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Out with the old, in with the new (Technical Debt Part 4/3)

November 9, 2012

During the last month, I’ve been working on paying off some of the technical debt that has been collecting interest over the course of KitchenPC’s development. Most of these have been stability changes, or just things that, when fixed, remove roadblocks to a smoother development process. I’d like to go over these in a three part blog series that, like the Hitchhikers Guide to the Galaxy trilogy, will consist of five parts.

Part 4/3: Out with the old, in with the new

I’ve been using Visual Studio 2008 since the very beginning of KitchenPC.  It’s fast, it’s stable, it works.  When Visual Studio 2010 came along, I used it briefly but just couldn’t convince myself to make the switch.

Visual Studio 2010 suffered through a similar development cycle as Project Server 2007, the application I worked on at Microsoft for a solid chunk of my career there.  Previously, Project Server was written as an ASP website (Yes, ASP, no not ASP.NET) and had a very mature code base mostly built in JScript (Yes, JScript, no not VBScript.)  We decided to rewrite the entire server in managed code, while at the same time, cramming as many new bells and whistles into the product as we possible could.  We decided to do all of this during the Office 2007 time frame, a two-year release cycle where most products weren’t changing anything huge, and certainly not being rewritten from scratch.

The result?  A giant disaster.  The product was unstable, buggy, most innovative features ended up getting cut anyway, and the new features that did go in were poorly thought out and implemented.  On the plus side, we had a brand new, more modern code base.  Albeit, that code base took a lot of shortcuts, ensuring that down the road, backwards compatibility would come at the cost of being stuck with a poorly laid out set of APIs.  The amount of technical debt accrued during that release would make China shudder.

Visual Studio 2010 went through a similar release.  The product was rewritten as a WPF app using managed code.  They brought in two architects, both of whom came up with wildly unrealistic estimates for what could be done.  They spent years on this redesign, getting nowhere.  The result was a release that was unstable, buggy, slow, and really didn’t do anything new besides its support for the .NET 4.0 framework.  When I tried VS2010, I ran into nothing but problems.  Sometimes it would act like the shift button was stuck down, and highlight text when I moved the arrow keys.  Often times I’d be editing an ASPX file, and the entire IDE would just spontaneously vanish.  It was noticeably slower, and some larger files would just grind the entire thing to a halt, forcing me to do edits in Notepad2 instead.  I never quite did figure out how to debug both .NET 4 server code and JavaScript code at the same time; I would have to detach the debugger from the web server and reattach it to Internet Explorer, wasting all sorts of time.  In the end, this product was a huge step backwards from the 2008 release, which simply worked.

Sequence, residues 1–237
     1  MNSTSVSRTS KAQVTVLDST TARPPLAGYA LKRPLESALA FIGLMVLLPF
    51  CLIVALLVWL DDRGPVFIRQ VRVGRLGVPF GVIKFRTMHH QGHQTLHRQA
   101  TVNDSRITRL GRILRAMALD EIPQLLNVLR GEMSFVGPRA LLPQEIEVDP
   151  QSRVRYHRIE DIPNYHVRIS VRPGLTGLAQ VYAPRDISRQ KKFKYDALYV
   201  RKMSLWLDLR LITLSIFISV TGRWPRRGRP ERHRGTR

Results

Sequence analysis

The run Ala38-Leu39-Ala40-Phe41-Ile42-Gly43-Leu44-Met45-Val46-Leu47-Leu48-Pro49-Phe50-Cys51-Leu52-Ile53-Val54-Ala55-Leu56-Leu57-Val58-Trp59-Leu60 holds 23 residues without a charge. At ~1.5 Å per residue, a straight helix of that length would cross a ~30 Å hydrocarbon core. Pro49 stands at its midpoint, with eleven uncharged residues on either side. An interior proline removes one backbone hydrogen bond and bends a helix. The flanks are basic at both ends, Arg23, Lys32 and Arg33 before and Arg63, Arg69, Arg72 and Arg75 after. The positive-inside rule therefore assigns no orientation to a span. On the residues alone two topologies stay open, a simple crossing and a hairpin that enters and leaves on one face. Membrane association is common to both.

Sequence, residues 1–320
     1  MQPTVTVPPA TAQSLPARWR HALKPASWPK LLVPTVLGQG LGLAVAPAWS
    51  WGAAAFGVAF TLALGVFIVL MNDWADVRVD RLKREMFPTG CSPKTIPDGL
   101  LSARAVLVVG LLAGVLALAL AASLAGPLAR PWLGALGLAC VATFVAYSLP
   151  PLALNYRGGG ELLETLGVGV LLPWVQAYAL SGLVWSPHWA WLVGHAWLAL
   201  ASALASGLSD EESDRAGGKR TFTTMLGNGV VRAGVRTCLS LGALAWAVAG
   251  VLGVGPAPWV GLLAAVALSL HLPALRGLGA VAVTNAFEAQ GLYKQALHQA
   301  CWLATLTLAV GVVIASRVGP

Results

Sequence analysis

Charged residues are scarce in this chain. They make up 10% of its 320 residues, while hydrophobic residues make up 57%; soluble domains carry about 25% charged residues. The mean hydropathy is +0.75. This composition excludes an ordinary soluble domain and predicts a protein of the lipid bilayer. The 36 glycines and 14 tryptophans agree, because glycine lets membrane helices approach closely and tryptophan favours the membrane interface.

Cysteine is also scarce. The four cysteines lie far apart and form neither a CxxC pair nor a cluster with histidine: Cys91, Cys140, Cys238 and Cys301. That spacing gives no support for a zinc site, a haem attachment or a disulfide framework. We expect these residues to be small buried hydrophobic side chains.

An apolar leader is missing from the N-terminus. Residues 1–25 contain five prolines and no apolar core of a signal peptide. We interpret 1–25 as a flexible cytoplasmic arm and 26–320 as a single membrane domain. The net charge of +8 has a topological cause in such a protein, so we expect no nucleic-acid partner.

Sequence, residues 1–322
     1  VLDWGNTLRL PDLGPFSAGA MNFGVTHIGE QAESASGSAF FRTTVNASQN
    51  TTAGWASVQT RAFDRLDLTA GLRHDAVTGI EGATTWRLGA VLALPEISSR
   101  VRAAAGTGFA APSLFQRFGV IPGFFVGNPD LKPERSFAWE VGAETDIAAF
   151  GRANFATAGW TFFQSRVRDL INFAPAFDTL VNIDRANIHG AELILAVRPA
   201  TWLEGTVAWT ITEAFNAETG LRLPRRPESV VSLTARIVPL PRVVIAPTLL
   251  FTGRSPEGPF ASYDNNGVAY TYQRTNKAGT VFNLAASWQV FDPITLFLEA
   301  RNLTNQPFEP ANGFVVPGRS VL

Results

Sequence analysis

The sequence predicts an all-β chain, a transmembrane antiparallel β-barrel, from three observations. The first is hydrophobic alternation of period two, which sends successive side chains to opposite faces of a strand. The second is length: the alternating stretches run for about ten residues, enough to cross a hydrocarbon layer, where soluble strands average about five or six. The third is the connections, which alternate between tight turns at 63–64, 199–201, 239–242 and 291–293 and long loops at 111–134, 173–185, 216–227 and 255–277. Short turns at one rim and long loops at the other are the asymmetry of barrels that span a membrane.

However, years past and we’ve now moved on to the .NET 4.5 framework.  A lot of the open source projects I use now require at least .NET 4.0 to even compile.  I find myself really wanting to take advantage of some of the new language features, and plus when I start doing Windows Phone or Surface development, I’m going to have to upgrade anyway.  So I figured I would give Visual Studio 2012 a shot.

Wow, am I impressed with this release.

This IDE is beautiful, it works, it’s slick and it’s fast.  You can tell they really took the time to pay off some of their own technical debt.  It no longer seems clunky, it no longer crashes, and the debugger works flawlessly.  It has all sorts of great new features, like the ability to pin a pane to any monitor, better code searching, and improved JavaScript support.  I’ve also been taking advantage of new build features, which I’ll go into more detail in the next post.

Even more impressive was the fact that I could open my VS2008 Solution file and it was upgraded on the fly to target the .NET 4.5 framework, and everything compiled successfully on the very first try.  What I thought was going to be an evening of work turned out to be a few minutes.

I also took the time to install Windows 8 on my dev box, which I’m equally happy with.  It’s also a fast and stable environment that looks nice and is easy to use.  The weird new metro-style start menu is a bit weird, but it actually works fairly well when you’re using two monitors.  You’ll only get the start menu on one screen, and you can click on the second monitor for it to go away.  Your shortcuts in the launch bar are duplicated on both monitors, so you can use those to quickly launch applications if that’s what you’re used to.  I’m also getting fairly comfortable with the Win+Q key to find and launch programs, which works almost as well as Spotlight on OS/X.  I also really enjoy the panoramic themes, which are collections of beautiful images that span multiple monitors.

I think upgrading to Windows 8, .NET 4.5 and Visual Studio 2012 sets me up for a much better development environment for the KitchenPC web site, as well as mobile and tablet apps in the near future.  Needless to say, if there’s anyone reading from either the Windows 8 team or the Visual Studio 2012 team; fantastic work, and keep it up!

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